Adam Carscadden is in his 3rd year of his Bachelor of Science in Mathematics and Physics. He has been involved with AlbertaSat since high school, and interested in astronomy for a lot longer. When he was in high school, a friend of his, Erik Halliwell, in AlbertaSat who knew about enthusiasm and his plan to study astrophysics invited him to meet the group. He joined more formally in his first year and became a member of the science team, and was invited to become a member of the newly formed Northern SPIRIT Systems Engineering team in his second year.
The Northern SPIRIT team that Adam is currently working as a part of is a collaboration between the University of Alberta, Yukon University in Whitehorse and Aurora Research Institute in Inuvik. Northern SPIRIT is a separate, but similar project to Ex-Alta 2, worked on in conjunction with these two northern universities. Adam, along with the other members in Alberta, help with developing the bus, while the teams in the Yukon and Nunavut develop payloads for their own 2U CubeSats.
Being a part of AlbertaSat has definitely shaped Adam’s career path. Initially, Adam was planning on getting a PhD in and teaching Astrophysics, which was part of the reason he joined the club. However, the collaborative style of work being done, along with the teamwork environment of AlbertaSat were something that Adam realized he wanted to continue working with in the future, and caused him to switch his major from astrophysics to math and physics. The switch allowed him more time to dedicate towards working with AlbertaSat and also sets Adam up to work on engineering projects similar to AlbertaSat after he graduates. Having the foresight to switch majors is one of Adam’s proudest accomplishments in University.
Aside from helping him decide his career path, Adam is happy to develop technical skills and enhance his degree as a member of AlbertaSat. He is also grateful to be part of such a great group of people, and has made many friends through the club. When asked about advice for new members, Adam had a lot to say. Firstly, the club doesn’t require new members to be an expert and is very beginner friendly. Anyone who wants to join and is willing to put in work is sure to find a place. He emphasizes that learning to be vulnerable and ask questions in situations you aren’t comfortable is important. There’s a significant chance that other people might have the same questions. Adam says that the club has really helped him with time management, as balancing time between AlbertaSat, other student groups, and classes is a continuous process.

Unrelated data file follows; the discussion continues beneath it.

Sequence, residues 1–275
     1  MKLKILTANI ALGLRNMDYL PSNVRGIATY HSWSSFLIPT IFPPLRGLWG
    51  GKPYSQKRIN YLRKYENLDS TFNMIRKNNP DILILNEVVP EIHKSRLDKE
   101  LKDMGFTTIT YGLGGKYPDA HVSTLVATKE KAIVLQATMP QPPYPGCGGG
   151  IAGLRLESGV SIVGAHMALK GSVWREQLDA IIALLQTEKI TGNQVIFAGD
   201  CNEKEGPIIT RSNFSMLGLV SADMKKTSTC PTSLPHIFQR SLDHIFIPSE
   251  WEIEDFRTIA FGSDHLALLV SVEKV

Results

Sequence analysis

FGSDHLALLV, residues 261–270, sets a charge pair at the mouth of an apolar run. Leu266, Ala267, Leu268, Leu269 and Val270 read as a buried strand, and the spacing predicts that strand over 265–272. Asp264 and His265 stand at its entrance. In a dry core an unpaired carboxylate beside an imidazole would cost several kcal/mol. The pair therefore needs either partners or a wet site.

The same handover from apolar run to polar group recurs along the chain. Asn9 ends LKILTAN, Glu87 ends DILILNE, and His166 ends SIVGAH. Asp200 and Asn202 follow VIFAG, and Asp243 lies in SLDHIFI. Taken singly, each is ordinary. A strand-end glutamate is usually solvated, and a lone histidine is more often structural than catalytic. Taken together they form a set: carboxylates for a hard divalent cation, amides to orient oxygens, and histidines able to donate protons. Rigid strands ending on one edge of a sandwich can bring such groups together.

When asked about the future of AlbertaSat, Adam can’t help but put a Northern SPIRIT spin on it, envisioning working on simultaneous satellites with other post secondary institutions, where the payload would be developed abroad but the University of Alberta team would work on the bus, and use their experience to help other schools. Adam envisions multiple satellites could be in development at once, as opposed to a single project. Although Adam is no longer studying Astrophysics, he puts an immense amount of time into developing satellites in Northern SPIRIT, and would still love to work in the space industry in the future.